Posted on Mar 23, 2020

What a week. With schools, restaurants, and businesses closed across the country, it’s impossible to feel normal. It goes without saying that health and safety matter above all else these days. Like many of you, we plan to spend the coming weeks largely at home, but it doesn’t mean we won’t be working.

With the unique combination of a trade contractor labor shortage and the news of the CDC’s best practices, we are reluctant to send our valued trade contractors home from our job sites so swiftly. Our trade contractors are the experts, so engaging in their specialty in a hands-on approach is the only way they get paid and the job gets done professionally. After Governor Gavin Newsom shut down much of California’s economy to slow the spread of the coronavirus, Sacramento construction executives and elected leaders went into overdrive. They lobbied state officials to get construction exempted from the “stay at home” mandates by making calls to builders and developers, encouraging them to keep sending workers to job sites. Industry officials said the mobilization was undertaken to prevent a repeat of the Great Recession. The effort worked—state health officials have changed the wording on the state website to specifically include construction and home construction as “essential” work that could continue during the crisis.

 

 

At KKDL, we want to continue working to make sure clients have ability to shelter in place, not half-built homes or a kitchen and bath renovation that is incomplete. Here are a few things we are doing as designers to keep our contractors working and our jobs on schedule. Our goal is to keep all involved safe and healthy while aligning with the Association of General Contractors of California and OSHA guidelines.

•            Avoid contact with people who are sick. It is critical that individuals do not report to work while they are experiencing illness symptoms such as fever, cough, shortness of breath, sore throat, runny/stuffy nose, body aches, chills, or fatigue. Individuals should seek medical attention if they develop these symptoms.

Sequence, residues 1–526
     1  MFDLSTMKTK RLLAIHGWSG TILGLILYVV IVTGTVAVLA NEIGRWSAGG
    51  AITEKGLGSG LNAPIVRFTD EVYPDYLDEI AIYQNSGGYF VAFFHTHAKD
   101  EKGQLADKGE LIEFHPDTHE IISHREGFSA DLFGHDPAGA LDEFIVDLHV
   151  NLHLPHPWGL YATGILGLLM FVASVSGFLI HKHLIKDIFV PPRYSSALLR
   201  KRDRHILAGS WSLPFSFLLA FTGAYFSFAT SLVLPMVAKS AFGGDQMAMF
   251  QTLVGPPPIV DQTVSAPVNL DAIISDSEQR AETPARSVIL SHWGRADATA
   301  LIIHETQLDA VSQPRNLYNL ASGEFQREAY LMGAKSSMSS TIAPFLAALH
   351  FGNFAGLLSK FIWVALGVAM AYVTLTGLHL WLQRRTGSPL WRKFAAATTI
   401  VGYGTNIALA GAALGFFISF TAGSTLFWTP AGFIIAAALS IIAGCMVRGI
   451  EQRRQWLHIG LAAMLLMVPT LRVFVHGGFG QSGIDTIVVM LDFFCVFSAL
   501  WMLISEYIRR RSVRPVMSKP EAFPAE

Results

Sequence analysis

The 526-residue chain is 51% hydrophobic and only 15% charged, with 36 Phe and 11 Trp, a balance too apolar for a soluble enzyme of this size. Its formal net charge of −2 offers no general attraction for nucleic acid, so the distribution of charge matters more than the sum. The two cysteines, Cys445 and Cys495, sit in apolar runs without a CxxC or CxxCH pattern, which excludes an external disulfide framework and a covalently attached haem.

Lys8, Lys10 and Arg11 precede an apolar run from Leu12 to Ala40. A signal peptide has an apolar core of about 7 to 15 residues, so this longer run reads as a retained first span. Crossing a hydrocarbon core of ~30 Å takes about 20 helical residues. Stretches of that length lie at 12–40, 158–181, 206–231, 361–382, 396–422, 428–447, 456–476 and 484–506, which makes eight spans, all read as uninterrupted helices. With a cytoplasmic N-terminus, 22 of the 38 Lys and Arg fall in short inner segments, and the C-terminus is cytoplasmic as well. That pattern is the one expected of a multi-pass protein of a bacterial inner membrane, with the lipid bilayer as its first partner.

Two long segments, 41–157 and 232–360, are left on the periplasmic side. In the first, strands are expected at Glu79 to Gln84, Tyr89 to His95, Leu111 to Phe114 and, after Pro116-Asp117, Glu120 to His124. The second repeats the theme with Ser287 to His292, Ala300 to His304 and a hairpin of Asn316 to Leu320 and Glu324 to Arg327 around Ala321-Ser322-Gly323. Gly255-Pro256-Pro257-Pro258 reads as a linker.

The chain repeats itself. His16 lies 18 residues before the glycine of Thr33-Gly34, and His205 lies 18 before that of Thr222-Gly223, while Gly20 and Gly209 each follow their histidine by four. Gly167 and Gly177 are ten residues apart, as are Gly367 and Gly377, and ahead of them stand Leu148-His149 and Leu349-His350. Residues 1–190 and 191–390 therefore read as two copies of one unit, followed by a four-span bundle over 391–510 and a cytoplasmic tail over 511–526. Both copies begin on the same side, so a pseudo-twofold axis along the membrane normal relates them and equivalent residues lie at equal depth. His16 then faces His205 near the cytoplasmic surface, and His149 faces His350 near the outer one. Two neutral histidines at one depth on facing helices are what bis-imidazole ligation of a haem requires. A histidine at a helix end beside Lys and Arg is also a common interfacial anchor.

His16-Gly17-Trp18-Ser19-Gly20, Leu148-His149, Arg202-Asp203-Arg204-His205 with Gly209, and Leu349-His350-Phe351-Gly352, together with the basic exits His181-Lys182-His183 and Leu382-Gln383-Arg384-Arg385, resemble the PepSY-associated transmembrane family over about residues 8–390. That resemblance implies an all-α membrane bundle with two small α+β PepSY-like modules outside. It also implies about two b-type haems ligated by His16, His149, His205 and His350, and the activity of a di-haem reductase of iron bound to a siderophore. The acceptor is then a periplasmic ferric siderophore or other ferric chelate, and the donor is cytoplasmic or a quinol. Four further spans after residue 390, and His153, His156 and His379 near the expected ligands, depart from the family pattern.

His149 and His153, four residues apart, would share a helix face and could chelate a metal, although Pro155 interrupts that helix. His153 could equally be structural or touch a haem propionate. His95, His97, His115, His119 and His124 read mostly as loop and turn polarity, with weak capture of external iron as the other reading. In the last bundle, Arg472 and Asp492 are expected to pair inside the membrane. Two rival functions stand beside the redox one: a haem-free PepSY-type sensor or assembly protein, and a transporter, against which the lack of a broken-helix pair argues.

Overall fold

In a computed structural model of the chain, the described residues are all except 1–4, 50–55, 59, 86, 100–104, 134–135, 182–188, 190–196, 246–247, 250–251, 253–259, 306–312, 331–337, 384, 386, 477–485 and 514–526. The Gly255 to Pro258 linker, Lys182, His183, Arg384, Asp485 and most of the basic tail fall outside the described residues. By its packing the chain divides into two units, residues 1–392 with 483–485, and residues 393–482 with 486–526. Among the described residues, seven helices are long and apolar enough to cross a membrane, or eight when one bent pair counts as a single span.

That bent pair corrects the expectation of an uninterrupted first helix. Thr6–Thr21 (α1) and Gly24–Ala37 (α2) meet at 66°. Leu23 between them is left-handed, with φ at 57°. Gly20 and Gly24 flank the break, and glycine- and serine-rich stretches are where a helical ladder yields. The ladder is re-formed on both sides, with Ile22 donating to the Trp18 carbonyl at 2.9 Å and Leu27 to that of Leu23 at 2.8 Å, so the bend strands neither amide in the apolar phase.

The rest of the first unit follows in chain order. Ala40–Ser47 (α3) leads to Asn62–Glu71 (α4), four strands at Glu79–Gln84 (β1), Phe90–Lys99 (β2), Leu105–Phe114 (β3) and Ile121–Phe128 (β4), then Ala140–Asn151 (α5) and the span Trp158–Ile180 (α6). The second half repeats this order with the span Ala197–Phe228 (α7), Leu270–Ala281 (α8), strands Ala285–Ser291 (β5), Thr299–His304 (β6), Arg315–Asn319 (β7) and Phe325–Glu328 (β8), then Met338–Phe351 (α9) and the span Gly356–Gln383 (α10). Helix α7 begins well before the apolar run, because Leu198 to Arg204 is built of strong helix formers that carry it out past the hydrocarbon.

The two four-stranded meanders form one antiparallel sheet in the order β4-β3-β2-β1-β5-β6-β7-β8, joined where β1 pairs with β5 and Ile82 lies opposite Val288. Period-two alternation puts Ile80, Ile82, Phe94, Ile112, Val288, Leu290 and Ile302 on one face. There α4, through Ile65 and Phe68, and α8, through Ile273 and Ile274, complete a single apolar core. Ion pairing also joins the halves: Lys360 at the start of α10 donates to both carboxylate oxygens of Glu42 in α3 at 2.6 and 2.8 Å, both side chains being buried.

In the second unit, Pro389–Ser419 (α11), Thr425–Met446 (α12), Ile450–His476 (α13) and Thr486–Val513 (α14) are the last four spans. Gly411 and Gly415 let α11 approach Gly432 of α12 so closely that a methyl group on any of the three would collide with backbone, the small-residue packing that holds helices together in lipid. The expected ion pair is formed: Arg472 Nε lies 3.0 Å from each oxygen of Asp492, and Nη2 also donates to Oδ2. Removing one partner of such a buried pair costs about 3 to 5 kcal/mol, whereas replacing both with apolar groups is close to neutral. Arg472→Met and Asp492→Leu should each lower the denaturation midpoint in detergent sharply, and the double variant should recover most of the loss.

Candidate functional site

•            Discourage hand-shaking and other typical contact greetings.

•            Limit the number of people on a job site, allowing non-essential personnel to work from home when possible. For those onsite, schedule work in segments versus stacking contractors. We have allowed up to 10 people to be on a job site at a time including homeowners and property owners, keeping a 6-foot distance between people.

•            Perform construction walks on FaceTime and meetings online or via conference call whenever possible.

•            Frequently wash hands with soap and water for at least 20-seconds. Utilize disposable gloves where appropriate; instruct workers to wash hands after removing gloves. If soap and running water are not available, use an alcohol-based hand sanitizer with at least 60% alcohol. Avoid touching the eyes, nose or mouth with unwashed hands.

•            Do not congregate in lunch areas. Do not use a common water cooler. Provide individual water bottles or instruct workers to bring their own.

•            Provide routine environmental cleaning (doorknobs, keyboards, counters, and other surfaces).

•            Utilize disposable hand towels and no-touch trash receptacles.

•            Do not share tools. Disinfect reusable supplies and equipment.

•            Instruct workers to change work clothes prior to arriving home; and to wash clothes in hot water with laundry sanitizer.

•            Do not share personal protection equipment (PPE).

•            Identify specific locations and practices for daily trash such as: paper, hand towels, food containers, etc. Instruct workers responsible for trash removal in proper PPE/hand washing practices.

But do remember, above all, to take care of yourselves and your loved ones during this time. We’re all in this together and we’re here if you need us.